You are listening to your favourite song when something happens.
Maybe you feel slightly cold, a shiver runs down your spine or you get goosebumps.
Commonly, we call them “the chills” but the technical term is “frisson”, a French word which means “aesthetic chills”, or chills derived from art.
It doesn’t have to be music. It could be a scene in a movie or TV show. Or a painting or a particular YouTube video. And yes, like almost everything, there is a subreddit for it.
One influential study showed that around half the population experiences frisson. But why?
As is the case with most (all?) things related to our bodies, it has to do with evolution. The important thing to note here is that goosebumps are often the physiological outcome of chills. Goosebumps are what’s known as a “vestigial response” – a response that has lost its original function.
Back in the day, we were ape-like. We were completely covered in hair, so when we got scared we’d make all our hair stand on end so that we’d appear bigger. You’ve probably seen cats do something similar.
In the case of music, our chills are a biological reaction to something that’s akin to fear – surprise.
Scientists did a study in which they played pieces of music to people and looked at what causes frisson.
The study found that unexpected changes in pitch, harmony, volume or the entrance of a particular soloist were some of the main triggers. When we hear these things, we are primed to respond and our natural defences kick in. But at the same time, we know we are safe, that this is just a song, and thus the resulting feeling is pleasurable.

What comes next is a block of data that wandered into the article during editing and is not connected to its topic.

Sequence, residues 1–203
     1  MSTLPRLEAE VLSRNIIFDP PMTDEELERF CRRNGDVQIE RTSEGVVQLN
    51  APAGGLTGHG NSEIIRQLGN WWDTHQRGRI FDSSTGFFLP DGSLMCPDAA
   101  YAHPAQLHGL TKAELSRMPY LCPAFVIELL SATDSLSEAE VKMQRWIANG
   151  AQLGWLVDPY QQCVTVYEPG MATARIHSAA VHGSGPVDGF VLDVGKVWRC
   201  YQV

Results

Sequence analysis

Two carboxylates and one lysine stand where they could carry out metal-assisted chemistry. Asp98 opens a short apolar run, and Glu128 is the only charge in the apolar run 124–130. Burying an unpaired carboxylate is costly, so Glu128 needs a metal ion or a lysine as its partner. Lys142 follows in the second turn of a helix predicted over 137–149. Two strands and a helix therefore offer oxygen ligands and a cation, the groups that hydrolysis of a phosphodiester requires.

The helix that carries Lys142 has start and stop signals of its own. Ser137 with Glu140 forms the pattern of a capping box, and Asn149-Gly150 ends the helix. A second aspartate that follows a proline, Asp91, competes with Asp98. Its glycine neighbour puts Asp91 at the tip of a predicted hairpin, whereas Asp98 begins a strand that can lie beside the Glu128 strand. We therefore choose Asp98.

It’s like your body is saying “Oh no, hey what’s going on? OK, wait it’s just a song, we cool,” in a very short space of time.
It’s the same reason you might enjoy roller coasters or haunted houses. The correlation could be a strong one too since other research has shown that people who are more open to unpredictable experiences are more likely to get the chills from art.
Like at least half of you, I experience frisson, so here’s an example of something that does it for me – the solo in Guns n’ Roses’ “Sweet Child O’ Mine”.
This solo can give me the chills twice. The first is at 2:34 when Slash begins the first part of the solo with a high bending note. Importantly, the song also changes key at this point (from D flat major to Eb minor).
The second chill I get is at 3:02 where Slash begins his crescendo into the second part of the solo. This is accompanied by a rise in the speed and attack of his playing and the introduction of a new timbre, through the use of the wah-wah pedal.
It probably helps that I grew up listening to Gunners and consider myself a huge fan. The memories I have attached to the music no doubt help, but Slash’s playing does exhibit changes of key, volume and pitch which scientists have identified as frisson triggers.
Going forward, the scientists who are studying frisson want to use it to develop more sophisticated forms of music therapy for the treatment of depressive disorders.
In the meantime, we can keep using classic belters like “Sweet Child” to self-medicate.